Load plays a major role in tendinopathy but is just one of many potential injury risk factors in competitive sports30. Knowledge of the intricacies of each sport is essential to identify the factors that impact on each specific case. Coaches and athletes are usually the ones providing the most valuable information, and their opinions and perception about training-related factors are critical. 


But… how does this translate into practice?

The dichotomy with competing athletes is clear: on one hand we need to protect the tendon by avoiding high loads, but on the other hand the athlete needs to train hard to perform, and the better long-term adaptations in the tendon will occur with consistent exposure to high loads. So how do we do it?

  1. Progression is the key in tendinopathy. Progressive training loads should be planned to avoid (if possible!) load spikes and long periods of rest. However, training and playing loads cannot always be tailor-made for an injured athlete (even less in team sports).  It is often difficult to control factors that are intrinsic to the sport (e.g., tight competition calendars, contractual obligations or the pressure to perform on a certain date). Every detail must therefore be considered to build an achievable and progressive loading plan.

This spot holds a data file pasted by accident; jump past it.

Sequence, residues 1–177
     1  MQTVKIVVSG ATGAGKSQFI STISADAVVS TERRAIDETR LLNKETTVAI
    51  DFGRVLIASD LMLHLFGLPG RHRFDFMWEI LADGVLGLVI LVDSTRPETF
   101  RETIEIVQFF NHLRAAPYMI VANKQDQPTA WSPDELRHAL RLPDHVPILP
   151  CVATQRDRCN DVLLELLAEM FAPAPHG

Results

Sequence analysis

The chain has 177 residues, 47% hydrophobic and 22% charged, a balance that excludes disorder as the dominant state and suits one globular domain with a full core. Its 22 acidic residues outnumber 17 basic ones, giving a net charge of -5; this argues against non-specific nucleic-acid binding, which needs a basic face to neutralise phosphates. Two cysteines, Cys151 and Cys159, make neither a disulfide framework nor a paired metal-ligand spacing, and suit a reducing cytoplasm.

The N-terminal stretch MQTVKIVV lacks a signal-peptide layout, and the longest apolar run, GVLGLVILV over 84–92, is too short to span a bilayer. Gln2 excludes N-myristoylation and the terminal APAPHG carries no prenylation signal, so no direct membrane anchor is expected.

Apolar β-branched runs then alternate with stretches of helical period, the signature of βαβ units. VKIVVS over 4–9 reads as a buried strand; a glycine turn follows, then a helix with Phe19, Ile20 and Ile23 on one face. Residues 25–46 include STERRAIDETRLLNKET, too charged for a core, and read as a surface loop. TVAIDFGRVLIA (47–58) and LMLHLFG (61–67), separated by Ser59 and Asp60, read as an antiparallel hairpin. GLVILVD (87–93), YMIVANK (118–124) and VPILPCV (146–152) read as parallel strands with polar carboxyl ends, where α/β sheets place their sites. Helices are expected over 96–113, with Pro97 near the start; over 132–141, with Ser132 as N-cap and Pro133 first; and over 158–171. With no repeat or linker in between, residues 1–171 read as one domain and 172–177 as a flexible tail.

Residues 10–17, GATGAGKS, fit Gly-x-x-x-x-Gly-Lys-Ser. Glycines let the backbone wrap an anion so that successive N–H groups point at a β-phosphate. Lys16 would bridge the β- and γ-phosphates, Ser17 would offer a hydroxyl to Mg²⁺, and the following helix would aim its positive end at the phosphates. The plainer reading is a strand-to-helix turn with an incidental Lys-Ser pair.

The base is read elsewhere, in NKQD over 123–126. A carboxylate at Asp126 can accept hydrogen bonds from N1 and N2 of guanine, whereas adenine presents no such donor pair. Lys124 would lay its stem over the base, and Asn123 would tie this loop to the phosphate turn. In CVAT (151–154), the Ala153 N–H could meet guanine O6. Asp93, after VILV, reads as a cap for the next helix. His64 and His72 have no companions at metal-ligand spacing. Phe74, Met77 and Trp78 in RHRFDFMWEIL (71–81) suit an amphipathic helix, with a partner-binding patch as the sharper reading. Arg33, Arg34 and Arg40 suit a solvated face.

2. Short-term gain = long-term pain. For competitive athletes, the next competition is often the most important competition. It is usually possible to compete with most cases of tendinopathy. Therefore, one of the most common mistakes is for the athlete to compete and then to compensate with decreasing training load between competitions. This may be positive in the short-term (as the athlete is able to compete with less pain) but will cause de-training and decrease tendon capacity in the long term. 
  3. Set priorities and adjust expectations. Everyone needs to be on the same page, so sit down with the athlete, the coach and evaluate the competition calendar. Tendinopathy symptoms will probably remain for months, so important competitions and windows of opportunity for specific work need to be identified in advance.
  4. Monitor tendon response to load and identify patterns and harmful loads: ‘every time I do hurdles, I have pain the day after’; ‘if I leave 3 days between track sessions it feels much better’ or ‘if I run with spike shoes it gets sore for 2 days’. Small changes can have a significant impact.